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The Best of Both Worlds

chris

Chris Gilbert CSCS

This week we were lucky to get in touch with Chris Gilbert. In our eyes, Chris is one of the best crossover athletes in the Philadelphia area. Very few people can take on two fitness sports and be highly competitive in both. Chris is a natural athlete that competes in both bodybuilding and powerlifting. Chris is pro in the IFPA & NGA bodybuilding federations and has totaled 1404 raw (no wraps) in the USAPL in the 93kg class. Not only does Chris have a lot of personal success, but he also coaches many men and women in both powerlifting and bodybuilding.

Chris isn’t just a full time gym rat either. He’s also the General Manager of Optimal Sport Health Club in Newtown Pa and has an Ivy League degree.

Q1: What diet plan allows your powerlifting workouts to be fueled properly and for you to look as lean and muscular as you do? Why do you choose that “plan”?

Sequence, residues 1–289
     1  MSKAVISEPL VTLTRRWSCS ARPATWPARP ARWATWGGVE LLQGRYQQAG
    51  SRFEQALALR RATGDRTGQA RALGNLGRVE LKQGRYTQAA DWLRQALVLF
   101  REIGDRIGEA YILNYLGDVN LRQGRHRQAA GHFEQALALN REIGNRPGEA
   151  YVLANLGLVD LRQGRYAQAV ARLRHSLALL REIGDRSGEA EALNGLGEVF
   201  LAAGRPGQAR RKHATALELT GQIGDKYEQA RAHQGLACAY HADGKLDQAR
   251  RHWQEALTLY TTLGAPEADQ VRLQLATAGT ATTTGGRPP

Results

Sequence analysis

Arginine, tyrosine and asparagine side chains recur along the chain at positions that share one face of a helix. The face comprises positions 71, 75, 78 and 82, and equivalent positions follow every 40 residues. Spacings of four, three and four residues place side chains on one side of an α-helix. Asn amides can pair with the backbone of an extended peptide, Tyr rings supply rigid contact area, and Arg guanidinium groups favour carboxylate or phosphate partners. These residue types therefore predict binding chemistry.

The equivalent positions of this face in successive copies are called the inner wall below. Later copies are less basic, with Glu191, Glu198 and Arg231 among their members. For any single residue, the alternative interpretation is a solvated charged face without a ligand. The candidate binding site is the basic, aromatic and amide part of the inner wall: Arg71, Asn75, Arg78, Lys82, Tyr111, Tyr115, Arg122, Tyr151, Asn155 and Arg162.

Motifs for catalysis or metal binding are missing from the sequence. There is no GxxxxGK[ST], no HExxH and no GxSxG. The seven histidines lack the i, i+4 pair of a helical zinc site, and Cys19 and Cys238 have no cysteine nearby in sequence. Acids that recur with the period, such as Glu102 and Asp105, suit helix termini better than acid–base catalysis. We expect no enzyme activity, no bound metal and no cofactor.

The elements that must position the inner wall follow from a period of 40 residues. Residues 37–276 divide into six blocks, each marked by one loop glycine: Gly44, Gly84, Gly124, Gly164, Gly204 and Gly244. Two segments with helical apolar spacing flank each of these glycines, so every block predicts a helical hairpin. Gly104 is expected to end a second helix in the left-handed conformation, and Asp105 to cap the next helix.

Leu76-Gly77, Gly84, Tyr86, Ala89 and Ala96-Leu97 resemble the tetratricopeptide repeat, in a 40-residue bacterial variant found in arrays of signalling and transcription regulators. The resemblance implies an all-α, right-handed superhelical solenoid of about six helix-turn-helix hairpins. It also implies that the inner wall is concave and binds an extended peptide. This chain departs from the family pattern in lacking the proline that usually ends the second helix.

I follow a customized IIFYM (If It Fits Your Macros) protocol. This is also known as Flexible Dieting. I eat over 4000 calories a day with very specific macronutrient targets. Each day has a target of 500g Carb, 300g Protein, and 100g Fat. This protocol is customized to my specific needs and preferences.

I like this approach because it allows me to focus on more important details like calories and macros, while not focusing on less important variables like meal timing, meal frequency, and food source (clean / whole foods vs non-traditional diet foods).

To give you an example of a typical day, I have an ISOPURE tea with two Lenny and Larry’s cookies for breakfast. I have a Primo’s hoagie and bag of HERR’s chips for lunch. I have sushi or more cookies for a mid-day snack, and then I have a massive dinner at around 9pm. I usually have a big bowl of cereal, whey, and even some chocolate or maple syrup for dessert, just before midnight. Most people would NOT consider this a typical bodybuilding or fit-lifestyle day of eating.